A shorter circuit this week with the back section of the oval chopped off. This was compensated for by upping the lap count from last week’s 8 to 15. The conditions were cool with a westerly wind as we reconnoitred the circuit. Tim and Ade’s 4th Cat group departed 2 minutes ahead of Justin and me. A select group of 4 2nd Cats waited to pounce from behind us.
No surprises with an immediately quick pace. Half way round the first lap and Justin and I had clawed our way to the front and started to share the work. Perhaps because of the twisting topography our group never seemed to gel. A few attempts were made at organisation. One or two would move through, then we would hit a bend and the assembly would fall apart. In the end you did a big turn on the front, then pulled off, or lost your place on the next bend.
Justin and I played along for a few circuits before taking a couple of laps out for a rest. Having passed a couple of stragglers, Ade included, we sighted the main body of the 4th Cat group. We searched the group ahead of us, but where was Tim? Justin and I exchanged looks. Had he slipped off the front trying to time trial himself to victory? Certainly he would be one of the stronger riders in the 4th Cat group, and knowing Tim he would have been working to keep their pace high.
As we crossed the start line I could see a small number of riders at the side of the oval’s first bend. Drawing closer I could see one man was down and in St Neots colours. Tim.
I pulled out of the race and drew up alongside. Tim was lying on the floor, bloodied on his face, knee and elbow. More worryingly, he was making less sense than usual and was on the verge of consciousness. A Kettering rider and one of the Rockingham Marshals were already with him and together we kept him talking while the first aiders ran over. Step by step, Tim became more coherent, and wanted to sit up. It then became clear his right collar bone was broken. The first aiders arrived, a paramedic was called, and all the while riders kept sweeping by. I can guess what they were thinking.
The foam in the back right of Tim’s helmet was compressed and cracked. Whatever the cause of his fall, it looked like he’d gone over the top landing heavily on his right shoulder and the back of his head. A good thing the race regulations require us to wear a helmet.
The paramedic arrived and gave Tim some Entonox to suck on while he attempted to apply an old school sling. Then he was off to Kettering A&E.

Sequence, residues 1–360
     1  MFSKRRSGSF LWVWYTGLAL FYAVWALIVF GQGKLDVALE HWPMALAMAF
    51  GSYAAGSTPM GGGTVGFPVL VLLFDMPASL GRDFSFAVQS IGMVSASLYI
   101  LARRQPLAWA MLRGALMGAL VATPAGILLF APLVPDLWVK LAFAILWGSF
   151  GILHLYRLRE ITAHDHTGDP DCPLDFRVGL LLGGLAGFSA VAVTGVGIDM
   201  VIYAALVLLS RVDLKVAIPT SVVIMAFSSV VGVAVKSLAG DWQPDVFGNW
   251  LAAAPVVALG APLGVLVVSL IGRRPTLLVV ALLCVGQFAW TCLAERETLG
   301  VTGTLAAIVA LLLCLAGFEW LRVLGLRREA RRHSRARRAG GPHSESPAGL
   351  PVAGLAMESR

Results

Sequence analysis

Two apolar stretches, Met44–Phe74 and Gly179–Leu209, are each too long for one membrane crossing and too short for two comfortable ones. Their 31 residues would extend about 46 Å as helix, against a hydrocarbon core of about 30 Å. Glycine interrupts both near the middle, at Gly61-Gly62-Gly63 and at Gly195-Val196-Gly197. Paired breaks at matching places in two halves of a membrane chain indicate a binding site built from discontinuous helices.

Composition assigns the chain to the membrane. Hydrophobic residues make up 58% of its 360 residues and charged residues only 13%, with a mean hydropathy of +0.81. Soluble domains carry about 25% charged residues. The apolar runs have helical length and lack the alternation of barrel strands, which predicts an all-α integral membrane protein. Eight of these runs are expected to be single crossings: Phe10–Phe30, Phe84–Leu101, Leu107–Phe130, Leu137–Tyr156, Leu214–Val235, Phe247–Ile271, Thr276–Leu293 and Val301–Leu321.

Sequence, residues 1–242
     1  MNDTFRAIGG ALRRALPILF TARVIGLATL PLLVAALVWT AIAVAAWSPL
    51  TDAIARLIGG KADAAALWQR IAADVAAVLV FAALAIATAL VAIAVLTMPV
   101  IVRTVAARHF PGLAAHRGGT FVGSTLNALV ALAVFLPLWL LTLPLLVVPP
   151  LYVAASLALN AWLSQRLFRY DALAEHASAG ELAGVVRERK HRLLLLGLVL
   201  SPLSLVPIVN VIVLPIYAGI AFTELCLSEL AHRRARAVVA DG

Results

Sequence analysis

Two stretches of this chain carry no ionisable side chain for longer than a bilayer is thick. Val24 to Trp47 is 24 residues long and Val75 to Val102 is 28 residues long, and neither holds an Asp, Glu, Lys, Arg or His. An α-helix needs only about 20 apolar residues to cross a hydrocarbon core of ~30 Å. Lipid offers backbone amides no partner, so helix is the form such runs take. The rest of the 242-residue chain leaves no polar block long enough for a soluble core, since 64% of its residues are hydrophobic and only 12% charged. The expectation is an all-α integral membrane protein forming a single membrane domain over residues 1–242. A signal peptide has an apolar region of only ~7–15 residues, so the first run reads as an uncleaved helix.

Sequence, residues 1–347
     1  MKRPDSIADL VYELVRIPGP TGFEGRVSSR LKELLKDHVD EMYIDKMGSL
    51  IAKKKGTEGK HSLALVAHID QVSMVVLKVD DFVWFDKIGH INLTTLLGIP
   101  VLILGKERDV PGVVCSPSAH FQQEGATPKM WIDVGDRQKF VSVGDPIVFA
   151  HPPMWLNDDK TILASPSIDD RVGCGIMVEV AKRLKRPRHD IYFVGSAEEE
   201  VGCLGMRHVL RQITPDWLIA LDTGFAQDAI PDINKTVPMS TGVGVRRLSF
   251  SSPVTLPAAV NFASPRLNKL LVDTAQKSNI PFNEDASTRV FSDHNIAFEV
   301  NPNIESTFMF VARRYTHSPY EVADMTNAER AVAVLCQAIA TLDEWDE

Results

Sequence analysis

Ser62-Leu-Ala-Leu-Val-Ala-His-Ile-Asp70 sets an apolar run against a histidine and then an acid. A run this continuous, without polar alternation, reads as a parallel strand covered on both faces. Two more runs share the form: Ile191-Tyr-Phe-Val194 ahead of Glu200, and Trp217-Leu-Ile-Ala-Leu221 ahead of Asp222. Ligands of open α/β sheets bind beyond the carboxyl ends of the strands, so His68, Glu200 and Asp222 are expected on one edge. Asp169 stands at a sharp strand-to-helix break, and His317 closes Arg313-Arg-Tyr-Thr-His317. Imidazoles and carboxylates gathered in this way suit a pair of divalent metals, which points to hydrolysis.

Meanwhile a race was still going on. I’d seen Justin still in our original group and Ade putting in some heroic solo efforts. I got back on the bike in time to hear the bell signalling the final lap, so accelerated out of the pit lanes onto the oval. The main field was a good 200m ahead. I rode flat out knowing I didn’t have a chance to catch them; still it felt good to release some energy.
Afterwards, I caught up with Justin and Ade to exchange news. Tim had given us our own Bradley Wiggins, but Justin was our Boasson Hagen. The sprint had started early and Justin had contested it. Approaching the finish line he was still in 3rd wheel, but then the rider in 2nd position sat up. A bad mistake against a racer of Justin’s experience. Quick to take advantage, he sneaked into 2nd place, winning 2 tickets for a race day at the speedway.
Back at the HQ we gathered together Tim’s equipment and agonised over what to do with his car. We decided to leave it at the security hut, then drove over to A&E.
A&E looked busy for a Thursday evening. Immediately my worst fears of A&E waiting rooms came to the fore. But I needn’t have worried. We queued behind a slightly bonkers woman telling the receptionist she thought she had split her head open. When it came to our turn we were efficiently ushered around to Tim’s cubicle. Of course, they may just have wanted us out of sight; Ade was still in his kit!
Despite his wounds Tim seemed quite content lying on his trolley bed. Then an attractive young nurse came in and started fussing around him. The recuperative powers of drugs and a trim nurse shouldn’t be underestimated. Happily, Tim was balancing back to his normal self.
A couple of X-rays later and the doctor confirmed Tim’s collar bone and two ribs were fractured. The ward matron quickly introduced himself as a keen cyclist, and seemed much more interested in our racing and discussing the Tour. A male nurse arrived next with a trolley full of dressings and iodine dowsed sponges. Unfortunately for Tim he wasn’t followed by another attractive female nurse to do the patching up. Bandaged up and given the spiel on head wounds and pain killers, Tim was given a clean bill of health and allowed to go. We cruised around looking for a drive-thru for a late night meal, then it was home and time for bed.
Tim has survived to fight another day. He will recover, the road rash will fade and his bones will heal quickly over the coming weeks. Injury and cycle racing are inextricably linked. When a bunch of men opt to race across tarmac at speed and in close formation, crashes will happen. Be it a touch of wheels, a misjudged over-steer, or just some grease on the road, sooner or later someone will connect with the ground. Whether as witness or participant, anyone who races will have their own back catalogue of crash stories to retell over a beer. We idolise a rider like Jens Voight as much for his resilience against the road as his prowess on the bike. He crashes, he picks himself up; he’s a hard man and every roadie aspires to be that. Tim has joined the hallowed ranks of the hard men.
Finally, thanks to the support from Rockingham Speedway and the Wheelers’ first aiders, but most of all to Kettering A&E and their fabulous nurses.